Dealing with Clients: From Start to Finish

AuthorAllan C. Hutchinson
“No resources of talent a nd training… is more wa stefully or unfairly
distributed t han legal skills. Ninety percent of l awyers serve ten per-
cent of people. We are over-lawyered a nd under-represented.”
— Jimmy Carter
Lawyers’ relationship w ith their clients stands at the heart of any dis-
cussion about legal ethics and professional responsibilit y. Whatever
the appropriate dyna mics and limit s of the duties owed to clients and
non-clients are considered to be, it is essential to have an i nformed
understanding of the nature and extent of the lawyer-client relation-
ship. Accordingly, before proceeding to tackle some of the more trad-
itional and obvious ethical ten sions in the dealings b etween lawyers
and clients, it is important to grasp the eth ical opportunities and re-
strictions that make up and def‌ine this are a. Although often neglected
in debates on legal ethics and professional responsibilit y, these issues
raise important moral dilemmas and professional challenges. Indeed,
it can be argued that t here is no more important issue for lawyers t han
how they are going to select the persons to whom they agree to provide
their serv ices. In many circumstances, it is t he most important, yet
least considered, decision th at lawyers make.
This chapter exami nes the relationship with clients from star t to
f‌inish. In the f‌irst s ection, I consider the crucial issue of client selec-
tion and whether there are any compelling eth ical responsibil ities to
Dealing w ith Clients: From Start to Fin ish 75
reject or adopt certain potential client s or causes. The second section
deals with t he broad topic of compensation and, after providing a real-
istic context for discussion, highl ights the professional regul ation of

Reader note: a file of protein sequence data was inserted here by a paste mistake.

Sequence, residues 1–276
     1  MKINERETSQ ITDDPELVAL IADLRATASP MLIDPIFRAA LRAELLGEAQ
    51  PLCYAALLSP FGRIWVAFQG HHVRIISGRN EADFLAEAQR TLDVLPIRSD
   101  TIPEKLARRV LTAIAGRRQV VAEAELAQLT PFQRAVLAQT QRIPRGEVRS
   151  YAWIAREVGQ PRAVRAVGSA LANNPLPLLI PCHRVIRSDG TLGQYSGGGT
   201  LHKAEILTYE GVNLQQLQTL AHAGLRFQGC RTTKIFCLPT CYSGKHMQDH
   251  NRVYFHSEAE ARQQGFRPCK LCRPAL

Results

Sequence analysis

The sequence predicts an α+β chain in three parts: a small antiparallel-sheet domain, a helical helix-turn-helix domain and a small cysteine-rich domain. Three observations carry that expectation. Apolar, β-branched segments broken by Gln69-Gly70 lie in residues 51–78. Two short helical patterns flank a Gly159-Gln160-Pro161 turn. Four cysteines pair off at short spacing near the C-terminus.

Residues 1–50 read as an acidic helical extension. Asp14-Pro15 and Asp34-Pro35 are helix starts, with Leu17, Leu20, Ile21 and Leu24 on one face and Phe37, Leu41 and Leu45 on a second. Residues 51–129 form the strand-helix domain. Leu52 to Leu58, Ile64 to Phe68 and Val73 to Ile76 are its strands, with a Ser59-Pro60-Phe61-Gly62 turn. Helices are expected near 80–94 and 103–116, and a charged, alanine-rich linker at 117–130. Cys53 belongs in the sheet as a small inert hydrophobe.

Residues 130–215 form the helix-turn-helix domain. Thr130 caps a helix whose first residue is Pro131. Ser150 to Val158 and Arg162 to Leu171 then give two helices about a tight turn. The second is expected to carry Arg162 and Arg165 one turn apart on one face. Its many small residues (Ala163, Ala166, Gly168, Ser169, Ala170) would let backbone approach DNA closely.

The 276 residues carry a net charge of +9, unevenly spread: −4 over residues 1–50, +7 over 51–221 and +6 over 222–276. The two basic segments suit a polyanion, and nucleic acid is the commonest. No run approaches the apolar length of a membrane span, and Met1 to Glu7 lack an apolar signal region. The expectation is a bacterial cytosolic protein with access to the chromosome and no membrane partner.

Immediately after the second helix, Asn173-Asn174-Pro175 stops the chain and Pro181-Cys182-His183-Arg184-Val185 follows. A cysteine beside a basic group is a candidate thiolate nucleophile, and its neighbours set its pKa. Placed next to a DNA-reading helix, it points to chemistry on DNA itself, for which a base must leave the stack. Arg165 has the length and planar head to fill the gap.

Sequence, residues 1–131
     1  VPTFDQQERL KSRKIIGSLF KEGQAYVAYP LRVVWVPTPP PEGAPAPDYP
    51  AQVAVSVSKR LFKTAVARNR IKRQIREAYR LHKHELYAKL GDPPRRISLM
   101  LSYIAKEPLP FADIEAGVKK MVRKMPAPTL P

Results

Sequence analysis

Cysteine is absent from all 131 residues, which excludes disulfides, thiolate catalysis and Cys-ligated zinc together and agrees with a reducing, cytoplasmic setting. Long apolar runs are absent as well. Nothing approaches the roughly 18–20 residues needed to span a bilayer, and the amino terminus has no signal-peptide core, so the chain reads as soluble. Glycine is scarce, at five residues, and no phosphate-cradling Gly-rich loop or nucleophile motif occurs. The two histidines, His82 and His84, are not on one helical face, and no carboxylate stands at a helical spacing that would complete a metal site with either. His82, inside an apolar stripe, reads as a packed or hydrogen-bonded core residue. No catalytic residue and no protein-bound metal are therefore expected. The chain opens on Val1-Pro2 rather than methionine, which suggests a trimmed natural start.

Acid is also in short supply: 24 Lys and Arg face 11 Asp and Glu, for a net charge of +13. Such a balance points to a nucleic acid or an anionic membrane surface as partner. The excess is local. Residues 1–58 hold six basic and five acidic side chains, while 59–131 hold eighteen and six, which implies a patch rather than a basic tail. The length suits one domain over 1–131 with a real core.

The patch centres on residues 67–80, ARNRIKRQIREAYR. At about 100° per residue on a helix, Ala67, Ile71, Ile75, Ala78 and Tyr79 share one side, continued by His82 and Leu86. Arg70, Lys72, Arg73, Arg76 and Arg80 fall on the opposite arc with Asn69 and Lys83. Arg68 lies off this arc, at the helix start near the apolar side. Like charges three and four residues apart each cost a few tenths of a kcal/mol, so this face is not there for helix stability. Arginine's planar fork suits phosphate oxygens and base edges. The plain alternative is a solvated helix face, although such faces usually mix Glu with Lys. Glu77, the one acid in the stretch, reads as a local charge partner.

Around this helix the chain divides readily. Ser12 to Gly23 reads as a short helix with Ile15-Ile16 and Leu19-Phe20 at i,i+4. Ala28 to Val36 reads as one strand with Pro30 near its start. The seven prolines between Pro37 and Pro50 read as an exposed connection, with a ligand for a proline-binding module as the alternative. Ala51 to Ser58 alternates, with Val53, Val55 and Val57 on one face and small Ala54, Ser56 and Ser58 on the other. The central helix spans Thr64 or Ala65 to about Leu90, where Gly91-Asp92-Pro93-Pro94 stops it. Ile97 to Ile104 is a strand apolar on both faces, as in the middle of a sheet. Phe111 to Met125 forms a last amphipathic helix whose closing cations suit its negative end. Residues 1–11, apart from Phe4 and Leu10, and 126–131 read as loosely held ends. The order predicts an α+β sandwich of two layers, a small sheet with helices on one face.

what amounts to fair and rea sonable fees. In the third section, I look at
the circumstances in which lawyers must or can withdraw t heir servi-
ces from their clients. The fourth sect ion is devoted to inquiring into
whether lawyers have an obligation, through legal aid and pro bono
work, to meet the ne eds of tho se people who ca nnot afford legal servi-
ces. Finally, the f‌ifth sect ion examines the possibi lities and prohibitions
around solicitation and adverti sing by lawyers. Throughout the chap-
ter, emphas is wi ll be placed on the profess ion’s and individual lawyers’
ethical respon sibility to give persons reasonable acces s to justice.
Client selection is one of the most important and most neglected issues
for lawyers. There is little disc ussion of the ethical issues that such
a decision entails. Indeed, it i s arguably the most import ant decision
that any lawyer m akes because, once a client is t aken on, the lawyer
has become committed to a whole host of ethical and moral obligat ions
(see chapter 6). They are engaged in a special relat ionship that law-
yers cannot simply abandon as and when they choose. Moreover, all
clients are entitled to the same level of competence and commitment
from their lawyers. Once the lawyer-client relationship is establi shed,
a large part of the ethical die is cast; the lawyers’ options about what
they are and are not prepared to do are severely curtailed and their
obligation is closely circums cribed. This is entirely reasonable bec ause,
under any realistic v ision of professional respon sibility, it would be
unconscionable to take on clients and represent them in an incompe-
tent or hal f-hearted way; that would be a travesty of any kind of ethical
In Canada, law yers can choose to represent whichever clients they
wish. While the oath t aken on call to the bar often contain s a commit-
ment to “refuse no man’s just cause,” this is more of a token gesture of
ceremonial window-dressing. The professional rules are imbued with
a general sense that legal services are i mportant and should be made
available to everyone, but there are no prohibitions on lawyer s refusing
to represent particul ar clients or causes. Some prov inces have recently
declared that law yers must not make their choice of clients in a way that
discrim inates on the basis of race, gender, or other similar dist inctions,
though it is arguable that th at was already the c ase under most general

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